IRA FLATOW: This is Science Friday, from PRI, Public Radio International. In case you just joined us, I’m talking with Giovanni Traverso of MIT and Brigham and Women’s Hospital. So what about differences in diet? Would you be facing challenges when people swallow it and then eat stuff? Would it interfere with the acid?
GIOVANNI TRAVERSO: No. Great question. Part of the reason that we wanted to test these in a large mammal was to start to address that. And what we observed, at least over the course of a week, know these animals were going about their daily business as they would otherwise, eating and drinking their food. And we were encouraged by overall the amount of power that we were able to harvest period.
But I think absolutely as part of the next set of studies that certainly would be one of the aspects that we would look at, specifically how much energy is available to be harvested during those times of feeding versus ones during fasting times.
IRA FLATOW: Now I would imagine with all the battery in there and the electronics and the sensing materials, you’ve got a pretty big pill, or as my dad used to say a horse pill.
GIOVANNI TRAVERSO: In this case I guess it was more of a pig pill, but it was a little bit– but this was a prototype, and it was on the larger side, but it was the first prototype that was made, and the initial concept was built with off-the-shelf components. And so certainly we see the possibility of significant reduction in size for the next step, this next stage of development.
IRA FLATOW: Now the pill, is it made to just stay in the stomach acid in the stomach? Or can it actually travel past it into the small intestine?
GIOVANNI TRAVERSO: So these actually could make it out of the body, and they did. And actually we monitored the animals until these passed out of the GI tract. And one of the interesting things that we did was actually to characterize how much energy could be harvested from the stomach and whether we could harvest from the small intestine. And even though it’s not acidic, we actually show that there is some energy that can be harbored from the intestine, which I think is also an encouraging observation here for future systems in the body.
IRA FLATOW: I imagine you would also have to make it the right shape so that it does pass through the system, right?
GIOVANNI TRAVERSO: Exactly. And I think depending on what the goal was, and so some of our work actually has to do with having systems stay in the stomach for prolonged periods of time and then either having that shape change, for example, to enable the transit through the body. So it really depends on the kind of time that you’re interested in monitoring for example, an individual.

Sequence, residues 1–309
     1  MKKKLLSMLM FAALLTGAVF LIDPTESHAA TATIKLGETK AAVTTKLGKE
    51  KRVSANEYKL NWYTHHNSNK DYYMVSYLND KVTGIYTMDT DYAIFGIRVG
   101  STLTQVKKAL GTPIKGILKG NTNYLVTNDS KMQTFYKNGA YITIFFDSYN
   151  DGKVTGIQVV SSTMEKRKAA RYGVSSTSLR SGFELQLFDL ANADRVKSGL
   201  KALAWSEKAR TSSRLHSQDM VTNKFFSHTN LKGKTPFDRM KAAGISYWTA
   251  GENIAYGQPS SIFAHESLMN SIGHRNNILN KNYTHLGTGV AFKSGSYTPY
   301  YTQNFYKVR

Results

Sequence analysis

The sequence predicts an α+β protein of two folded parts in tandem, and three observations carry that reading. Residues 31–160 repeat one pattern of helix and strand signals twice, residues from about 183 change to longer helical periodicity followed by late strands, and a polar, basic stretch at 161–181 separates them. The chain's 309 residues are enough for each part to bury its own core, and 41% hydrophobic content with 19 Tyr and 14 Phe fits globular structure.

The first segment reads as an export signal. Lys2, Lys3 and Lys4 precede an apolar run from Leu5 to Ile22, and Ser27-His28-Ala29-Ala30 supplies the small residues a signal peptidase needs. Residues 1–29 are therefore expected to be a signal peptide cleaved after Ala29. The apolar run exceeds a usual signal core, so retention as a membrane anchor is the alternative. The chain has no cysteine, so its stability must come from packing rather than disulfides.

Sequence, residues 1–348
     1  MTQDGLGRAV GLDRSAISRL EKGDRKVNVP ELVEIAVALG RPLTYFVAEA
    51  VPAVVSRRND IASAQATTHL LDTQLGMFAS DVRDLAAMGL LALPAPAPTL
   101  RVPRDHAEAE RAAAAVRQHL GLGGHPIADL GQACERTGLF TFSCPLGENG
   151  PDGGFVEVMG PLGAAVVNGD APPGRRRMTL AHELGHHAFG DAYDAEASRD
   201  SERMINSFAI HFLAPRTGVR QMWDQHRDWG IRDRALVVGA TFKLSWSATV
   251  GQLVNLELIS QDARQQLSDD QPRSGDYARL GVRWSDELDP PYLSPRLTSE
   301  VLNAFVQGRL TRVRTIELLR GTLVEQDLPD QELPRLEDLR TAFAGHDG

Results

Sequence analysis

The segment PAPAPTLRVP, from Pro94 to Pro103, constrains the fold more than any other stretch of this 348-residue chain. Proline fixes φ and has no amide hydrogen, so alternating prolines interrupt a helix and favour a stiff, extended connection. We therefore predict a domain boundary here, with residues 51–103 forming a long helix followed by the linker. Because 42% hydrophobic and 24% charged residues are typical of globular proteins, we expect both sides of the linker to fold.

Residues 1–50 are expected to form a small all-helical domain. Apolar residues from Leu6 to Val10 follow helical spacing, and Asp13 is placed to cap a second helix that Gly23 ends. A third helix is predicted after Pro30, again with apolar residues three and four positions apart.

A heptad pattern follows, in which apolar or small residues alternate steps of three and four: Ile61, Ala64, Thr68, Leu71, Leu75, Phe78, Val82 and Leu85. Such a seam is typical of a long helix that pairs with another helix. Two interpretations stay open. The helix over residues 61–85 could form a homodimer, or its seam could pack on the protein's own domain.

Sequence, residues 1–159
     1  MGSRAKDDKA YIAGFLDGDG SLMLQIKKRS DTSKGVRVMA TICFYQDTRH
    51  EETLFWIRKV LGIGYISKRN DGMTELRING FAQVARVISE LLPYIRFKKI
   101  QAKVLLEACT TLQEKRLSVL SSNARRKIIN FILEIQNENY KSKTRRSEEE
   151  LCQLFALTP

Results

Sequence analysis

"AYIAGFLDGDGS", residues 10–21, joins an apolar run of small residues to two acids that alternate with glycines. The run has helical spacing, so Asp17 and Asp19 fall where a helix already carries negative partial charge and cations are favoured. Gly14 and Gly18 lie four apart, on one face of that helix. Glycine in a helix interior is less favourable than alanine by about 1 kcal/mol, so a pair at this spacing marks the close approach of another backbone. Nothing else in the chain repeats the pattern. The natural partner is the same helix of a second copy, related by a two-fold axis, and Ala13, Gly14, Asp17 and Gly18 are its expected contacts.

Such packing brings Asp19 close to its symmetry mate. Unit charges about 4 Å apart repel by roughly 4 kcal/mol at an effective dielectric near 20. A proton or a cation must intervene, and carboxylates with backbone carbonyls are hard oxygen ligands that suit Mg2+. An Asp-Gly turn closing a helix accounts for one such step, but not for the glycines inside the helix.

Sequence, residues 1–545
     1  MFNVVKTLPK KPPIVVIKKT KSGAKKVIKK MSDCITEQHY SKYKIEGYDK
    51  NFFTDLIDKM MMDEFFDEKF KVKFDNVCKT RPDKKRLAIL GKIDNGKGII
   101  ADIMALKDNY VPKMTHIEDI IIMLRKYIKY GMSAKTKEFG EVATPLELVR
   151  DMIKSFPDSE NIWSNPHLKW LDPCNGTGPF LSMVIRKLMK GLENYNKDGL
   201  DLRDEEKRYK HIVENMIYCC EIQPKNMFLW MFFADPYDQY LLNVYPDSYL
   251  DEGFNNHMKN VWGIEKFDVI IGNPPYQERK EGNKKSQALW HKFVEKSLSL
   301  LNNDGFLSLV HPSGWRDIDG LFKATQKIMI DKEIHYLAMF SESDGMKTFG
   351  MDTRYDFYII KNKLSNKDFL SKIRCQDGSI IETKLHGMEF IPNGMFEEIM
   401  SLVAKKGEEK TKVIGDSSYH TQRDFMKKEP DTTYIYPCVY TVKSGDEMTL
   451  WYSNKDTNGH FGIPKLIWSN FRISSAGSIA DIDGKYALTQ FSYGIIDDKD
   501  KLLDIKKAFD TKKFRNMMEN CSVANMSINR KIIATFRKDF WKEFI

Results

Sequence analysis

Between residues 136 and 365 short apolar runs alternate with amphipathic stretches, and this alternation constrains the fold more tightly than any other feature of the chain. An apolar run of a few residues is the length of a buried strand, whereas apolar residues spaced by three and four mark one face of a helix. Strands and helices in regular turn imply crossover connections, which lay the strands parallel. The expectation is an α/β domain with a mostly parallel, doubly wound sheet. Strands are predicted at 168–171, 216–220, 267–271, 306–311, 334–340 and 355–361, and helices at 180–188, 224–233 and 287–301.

IRA FLATOW: And then the things that you could monitor. Heart rate or how much acid is in the stomach? Or what other kinds of things?
GIOVANNI TRAVERSO: Absolutely. The first thing we showed here in this study was temperature. And we communicated that to an external receiver over the course of the week. But we’ve done some other work in the past looking at measuring heart rate, respiratory rate, and we’re doing some other work looking at movements of the actual GI tract. And then sensing different proteins and toxins to help service systems for early detection.
IRA FLATOW: I guess, as you say, you could engineer it to stay or move around where you’d like it to be and maybe even self dissolve depending on how you design it?
GIOVANNI TRAVERSO: Exactly. A lot of the work that we do is on material development and thinking about materials that you can, for example, trigger to dissolve in a certain timescale or to dissolve immediately to exactly as you said to enable the passage down the GI tract.
IRA FLATOW: And to give off any medicines it might have in it.
GIOVANNI TRAVERSO: Exactly. Exactly.
IRA FLATOW: I see nano words here coming to mind, nanotechnology stuff. Thank you very much, Dr. Traverso.
GIOVANNI TRAVERSO: Thank you.
IRA FLATOW: Giovanni Traverso is a gastroenterologist and biomedical engineer at Brigham and Women’s Hospital. That’s a research affiliate at MIT.